As if to temper these disturbing thoughts, the poet shifts his attention again, this time to the light:
A leaning pyramid of sunlight, narrowing
out at a high window, moves by the clock:
discordant hands straining out from
The phrase “pyramid of sunlight,” especially as related to a clock, evokes the structures of the ancient Egyptians: pyramids and sundials. The hands on the clock in the train station seem to be full of life. They strike poses—“inevitable postures infinitely repeated.” They are anonymous, like the people whose feet shuffle through the station, and have, seemingly, been in effect since ancient times.
Through this scene comes a cry: “two—twofour—twoeight!” This sound, echoing the beat of the locomotive’s wheels gaining momentum, sends a jolt through the frenzied dance within both the station and the poet’s mind. The reader’s focus shifts to the characters at hand: “Porters in red hats run on narrow platforms. / This way ma’am! / —important not to take the wrong train!” The poet’s consideration of infinity has been replaced by a woman hurrying to catch a train. For now, considerations of the immediate have replaced the eternal
The poet briefly considers his larger surroundings again, noticing that “Lights from the concrete / ceiling hang crooked, but—” and his thoughts are cut off, interrupted again by the image of a train waiting on the tracks. The scene is comforting to him: train tracks are “glittering parallels;” the cylinders, though dingy, “invit[e] entry.” The poet also notes that they “pull against the hour”: a suggestion that the locomotive itself is in a complex relationship with time. The first kind of mechanized travel, the locomotive contradicts traditional notions of how long it takes to get somewhere. In that way, it defies time, making it seem irrelevant.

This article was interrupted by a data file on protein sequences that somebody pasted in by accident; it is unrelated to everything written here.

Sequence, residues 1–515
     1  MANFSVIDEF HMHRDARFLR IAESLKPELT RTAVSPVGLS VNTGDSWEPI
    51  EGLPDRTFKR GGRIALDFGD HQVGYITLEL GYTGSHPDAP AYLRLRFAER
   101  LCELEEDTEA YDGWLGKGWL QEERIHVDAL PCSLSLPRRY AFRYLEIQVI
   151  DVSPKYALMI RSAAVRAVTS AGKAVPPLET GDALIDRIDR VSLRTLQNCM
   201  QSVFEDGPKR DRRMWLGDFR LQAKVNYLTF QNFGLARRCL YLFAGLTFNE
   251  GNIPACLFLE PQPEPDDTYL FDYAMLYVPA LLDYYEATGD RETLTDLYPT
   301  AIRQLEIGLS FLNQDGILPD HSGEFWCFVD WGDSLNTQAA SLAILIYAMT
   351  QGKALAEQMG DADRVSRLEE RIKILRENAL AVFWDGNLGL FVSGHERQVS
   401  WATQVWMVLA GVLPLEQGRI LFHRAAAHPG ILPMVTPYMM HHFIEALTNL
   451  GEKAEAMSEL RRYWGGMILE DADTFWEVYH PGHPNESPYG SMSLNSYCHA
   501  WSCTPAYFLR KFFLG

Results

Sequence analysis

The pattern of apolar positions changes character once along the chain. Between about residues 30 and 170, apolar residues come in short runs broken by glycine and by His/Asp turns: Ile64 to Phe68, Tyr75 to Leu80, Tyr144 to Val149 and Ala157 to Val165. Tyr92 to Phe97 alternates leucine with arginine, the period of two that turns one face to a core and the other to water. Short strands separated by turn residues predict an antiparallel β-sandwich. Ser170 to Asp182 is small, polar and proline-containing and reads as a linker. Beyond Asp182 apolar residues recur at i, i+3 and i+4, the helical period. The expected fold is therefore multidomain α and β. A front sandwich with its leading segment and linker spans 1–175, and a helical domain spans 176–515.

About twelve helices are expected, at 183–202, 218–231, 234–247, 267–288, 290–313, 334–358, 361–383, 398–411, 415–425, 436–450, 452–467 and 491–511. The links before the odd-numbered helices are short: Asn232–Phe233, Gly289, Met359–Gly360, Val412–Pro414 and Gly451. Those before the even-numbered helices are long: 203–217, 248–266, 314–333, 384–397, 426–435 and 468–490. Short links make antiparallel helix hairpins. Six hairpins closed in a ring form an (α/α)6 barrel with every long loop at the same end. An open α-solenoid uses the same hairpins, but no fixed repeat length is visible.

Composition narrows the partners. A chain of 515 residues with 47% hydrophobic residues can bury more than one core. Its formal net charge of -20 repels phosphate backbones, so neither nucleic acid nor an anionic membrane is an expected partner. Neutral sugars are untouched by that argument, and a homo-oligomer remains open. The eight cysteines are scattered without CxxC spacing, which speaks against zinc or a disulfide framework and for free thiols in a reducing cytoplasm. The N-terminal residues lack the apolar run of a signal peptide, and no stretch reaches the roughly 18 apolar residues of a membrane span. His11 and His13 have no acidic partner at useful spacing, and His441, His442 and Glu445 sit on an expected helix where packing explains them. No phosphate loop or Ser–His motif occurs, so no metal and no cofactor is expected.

Again, though, the abstractions are interrupted, this time by a whistle. The churning of the locomotive wheels speeds up: “Not two eight. Not twofour. Two!” The poet watches the train pull out, seeing several realities pass by: “Gliding windows. Colored cooks sweating / In a small kitchen. Tail-lights—” and the train keeps going, according to a very strict rhythm: “In time: twofour! / In time: twoeight!”
In the final stanza the poet shifts perspective again, this time considering the path that the locomotive will take. He considers a landscape: “—rivers are tunnelled: trestles / cross oozy swampland.” The ability of a locomotive to cross such difficult terrain is indeed a feat of the modern era. At the same time, though, the train has a quality of stillness: “wheels that repeat the same gesture remain relatively / stationary.” Finally, the poet meditates on the rails; they too have a universal quality, “forever parallel / return on themselves infinitely.” In this infiniteness the poet feels as if he has found certainty: “The dance is sure.”
The world that Williams has distilled for the reader is both rarefied and frightening. He can look at things deeply, seeing the realities of the station, feeling the thrill of locomotive travel, while at the same time considering them alongside the eternal concepts of time and space. His suggestion of confusion and doom reflects his modern sensibility, but, ultimately, his faith in “the dance” prevails.
Source: Erica Smith, in an essay for Poetry for Students, Gale Group, 2001.
Jonathan N. Barron
Barron is an associate professor of English at the University of Southern Mississippi. Beginning
“Let words on the page happen wherever they want … Do not … just print poems line after line in a logical order leading to a conclusion.”
in 2001, he will be the editor-in-chief of The Robert Frost Review. In the following essay, he considers the impact of the early 20th-century artistic movement, Italian Futurism, on “Overture to a Dance of Locomotives.”